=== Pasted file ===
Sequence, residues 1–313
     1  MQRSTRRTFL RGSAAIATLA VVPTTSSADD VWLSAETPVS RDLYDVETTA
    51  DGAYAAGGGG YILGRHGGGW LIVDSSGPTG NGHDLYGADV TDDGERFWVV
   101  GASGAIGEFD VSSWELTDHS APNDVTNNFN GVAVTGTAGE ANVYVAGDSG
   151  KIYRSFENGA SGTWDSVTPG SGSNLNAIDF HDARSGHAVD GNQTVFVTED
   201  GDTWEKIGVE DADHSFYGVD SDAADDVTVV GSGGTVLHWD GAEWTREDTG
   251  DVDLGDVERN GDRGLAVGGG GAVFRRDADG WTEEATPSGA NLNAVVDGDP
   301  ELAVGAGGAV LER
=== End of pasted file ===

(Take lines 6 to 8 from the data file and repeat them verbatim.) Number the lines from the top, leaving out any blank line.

   201  GDTWEKIGVE DADHSFYGVD SDAADDVTVV GSGGTVLHWD GAEWTREDTG
   251  DVDLGDVERN GDRGLAVGGG GAVFRRDADG WTEEATPSGA NLNAVVDGDP
   301  ELAVGAGGAV LER